Peter Blood stood in the pillared portico of Government House, and with unseeing eyes that were laden with pain and anger, stared out across the great harbour of Port Royal to the green hills rising from the farther shore and the ridge of the Blue Mountains beyond, showing hazily through the quivering heat.
He was aroused by the return of the negro who had gone to announce him, and following now this slave, he made his way through the house to the wide piazza behind it, in whose shade Colonel Bishop and my Lord Julian Wade took what little air there was.
“So ye’ve come,” the Deputy-Governor hailed him, and followed the greeting by a series of grunts of vague but apparently ill-humoured import.
He did not trouble to rise, not even when Lord Julian, obeying the instincts of finer breeding, set him the example. From under scowling brows the wealthy Barbados planter considered his sometime slave, who, hat in hand, leaning lightly upon his long beribboned cane, revealed nothing in his countenance of the anger which was being steadily nourished by this cavalier reception.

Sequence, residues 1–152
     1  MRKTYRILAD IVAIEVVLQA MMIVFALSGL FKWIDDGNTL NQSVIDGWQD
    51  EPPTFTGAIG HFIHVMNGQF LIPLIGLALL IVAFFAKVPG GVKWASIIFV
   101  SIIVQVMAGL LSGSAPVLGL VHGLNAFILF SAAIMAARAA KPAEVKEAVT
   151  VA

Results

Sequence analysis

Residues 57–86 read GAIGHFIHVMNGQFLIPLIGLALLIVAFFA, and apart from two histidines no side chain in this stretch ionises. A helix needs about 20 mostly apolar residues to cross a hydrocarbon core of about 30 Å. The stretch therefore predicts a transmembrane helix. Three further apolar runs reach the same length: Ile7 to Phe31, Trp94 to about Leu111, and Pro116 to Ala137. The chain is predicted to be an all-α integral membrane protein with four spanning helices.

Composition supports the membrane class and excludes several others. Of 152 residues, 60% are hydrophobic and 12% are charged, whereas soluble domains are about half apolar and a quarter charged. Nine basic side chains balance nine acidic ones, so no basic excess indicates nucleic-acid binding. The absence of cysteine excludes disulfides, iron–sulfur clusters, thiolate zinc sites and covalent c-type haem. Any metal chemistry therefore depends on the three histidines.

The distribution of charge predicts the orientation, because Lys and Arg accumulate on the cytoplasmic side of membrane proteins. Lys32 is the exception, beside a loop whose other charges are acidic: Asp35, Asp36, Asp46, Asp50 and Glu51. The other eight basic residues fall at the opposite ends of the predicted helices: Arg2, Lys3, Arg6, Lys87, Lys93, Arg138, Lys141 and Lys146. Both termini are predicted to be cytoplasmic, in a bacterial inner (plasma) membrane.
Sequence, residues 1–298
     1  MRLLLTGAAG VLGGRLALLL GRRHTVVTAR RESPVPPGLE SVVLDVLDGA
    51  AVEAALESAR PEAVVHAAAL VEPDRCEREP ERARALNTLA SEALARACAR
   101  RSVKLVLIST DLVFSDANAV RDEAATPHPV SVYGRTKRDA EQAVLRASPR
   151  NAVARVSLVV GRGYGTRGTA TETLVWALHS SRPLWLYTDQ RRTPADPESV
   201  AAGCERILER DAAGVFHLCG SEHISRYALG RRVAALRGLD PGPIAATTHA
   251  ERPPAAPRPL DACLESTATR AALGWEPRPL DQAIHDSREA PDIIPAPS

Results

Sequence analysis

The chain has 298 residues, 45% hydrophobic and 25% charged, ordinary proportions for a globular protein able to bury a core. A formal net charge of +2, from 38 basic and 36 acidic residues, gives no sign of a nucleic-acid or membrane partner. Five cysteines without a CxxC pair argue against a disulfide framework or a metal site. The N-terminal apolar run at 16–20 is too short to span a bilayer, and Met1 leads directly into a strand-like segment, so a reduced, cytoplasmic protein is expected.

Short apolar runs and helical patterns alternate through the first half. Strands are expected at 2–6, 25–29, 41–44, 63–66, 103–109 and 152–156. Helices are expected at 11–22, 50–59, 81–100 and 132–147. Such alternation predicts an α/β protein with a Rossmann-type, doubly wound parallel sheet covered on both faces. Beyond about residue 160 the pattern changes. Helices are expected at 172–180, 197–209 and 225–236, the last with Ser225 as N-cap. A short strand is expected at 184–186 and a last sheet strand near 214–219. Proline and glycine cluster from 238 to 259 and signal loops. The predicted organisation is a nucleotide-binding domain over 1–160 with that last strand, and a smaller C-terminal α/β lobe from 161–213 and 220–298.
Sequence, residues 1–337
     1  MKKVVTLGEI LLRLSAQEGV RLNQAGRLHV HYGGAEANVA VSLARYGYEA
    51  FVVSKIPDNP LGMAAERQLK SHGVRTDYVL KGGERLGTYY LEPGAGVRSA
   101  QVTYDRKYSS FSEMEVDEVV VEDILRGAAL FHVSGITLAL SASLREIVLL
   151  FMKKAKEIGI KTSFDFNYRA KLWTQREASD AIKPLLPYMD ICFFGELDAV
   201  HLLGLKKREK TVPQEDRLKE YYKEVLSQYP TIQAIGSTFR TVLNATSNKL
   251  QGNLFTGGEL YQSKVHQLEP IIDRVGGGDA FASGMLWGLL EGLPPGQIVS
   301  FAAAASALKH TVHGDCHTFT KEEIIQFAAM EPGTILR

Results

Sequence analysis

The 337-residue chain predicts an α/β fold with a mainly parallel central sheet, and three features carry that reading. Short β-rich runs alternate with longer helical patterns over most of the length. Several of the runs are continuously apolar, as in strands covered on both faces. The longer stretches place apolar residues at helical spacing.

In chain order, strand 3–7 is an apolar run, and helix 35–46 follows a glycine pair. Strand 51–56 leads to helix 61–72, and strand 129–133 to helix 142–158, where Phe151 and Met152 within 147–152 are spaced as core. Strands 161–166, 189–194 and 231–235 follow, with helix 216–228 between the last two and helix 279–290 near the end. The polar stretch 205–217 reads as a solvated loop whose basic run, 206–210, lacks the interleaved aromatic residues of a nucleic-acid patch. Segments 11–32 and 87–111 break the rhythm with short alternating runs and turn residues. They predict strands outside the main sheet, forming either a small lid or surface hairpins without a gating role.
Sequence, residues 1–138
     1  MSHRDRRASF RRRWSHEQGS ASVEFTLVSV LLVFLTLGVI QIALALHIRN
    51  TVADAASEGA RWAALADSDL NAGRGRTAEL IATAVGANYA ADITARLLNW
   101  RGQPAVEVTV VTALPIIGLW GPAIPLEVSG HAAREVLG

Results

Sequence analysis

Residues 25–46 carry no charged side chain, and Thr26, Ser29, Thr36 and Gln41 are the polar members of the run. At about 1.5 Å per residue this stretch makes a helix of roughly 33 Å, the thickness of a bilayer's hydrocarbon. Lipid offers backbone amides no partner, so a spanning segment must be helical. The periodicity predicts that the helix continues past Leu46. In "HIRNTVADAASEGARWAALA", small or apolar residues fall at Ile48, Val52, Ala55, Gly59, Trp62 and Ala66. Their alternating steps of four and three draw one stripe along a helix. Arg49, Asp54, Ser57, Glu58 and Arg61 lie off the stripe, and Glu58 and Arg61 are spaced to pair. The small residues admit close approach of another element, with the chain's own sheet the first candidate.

At last, with scowling brow and in self-sufficient tones, Colonel Bishop delivered himself.
“I have sent for you, Captain Blood, because of certain news that has just reached me. I am informed that yesterday evening a frigate left the harbour having on board your associate Wolverstone and a hundred men of the hundred and fifty that were serving under you. His lordship and I shall be glad to have your explanation of how you came to permit that departure.”
“Permit?” quoth Blood. “I ordered it.”
The answer left Bishop speechless for a moment. Then:
“You ordered it?” he said in accents of unbelief, whilst Lord Julian raised his eyebrows. “’Swounds! Perhaps you’ll explain yourself? Whither has Wolverstone gone?”
“To Tortuga. He’s gone with a message to the officers commanding the other four ships of the fleet that is awaiting me there, telling them what’s happened and why they are no longer to expect me.”
Bishop’s great face seemed to swell and its high colour to deepen. He swung to Lord Julian.
“You hear that, my lord? Deliberately he has let Wolverstone loose upon the seas again — Wolverstone, the worst of all that gang of pirates after himself. I hope your lordship begins at last to perceive the folly of granting the King’s commission to such a man as this against all my counsels. Why, this thing is... it’s just mutiny... treason! By God! It’s matter for a court-martial.”
“Will you cease your blather of mutiny and treason and courts-martial?” Blood put on his hat, and sat down unbidden. “I have sent Wolverstone to inform Hagthorpe and Christian and Yberville and the rest of my lads that they’ve one clear month in which to follow my example, quit piracy, and get back to their boucans or their logwood, or else sail out of the Caribbean Sea. That’s what I’ve done.”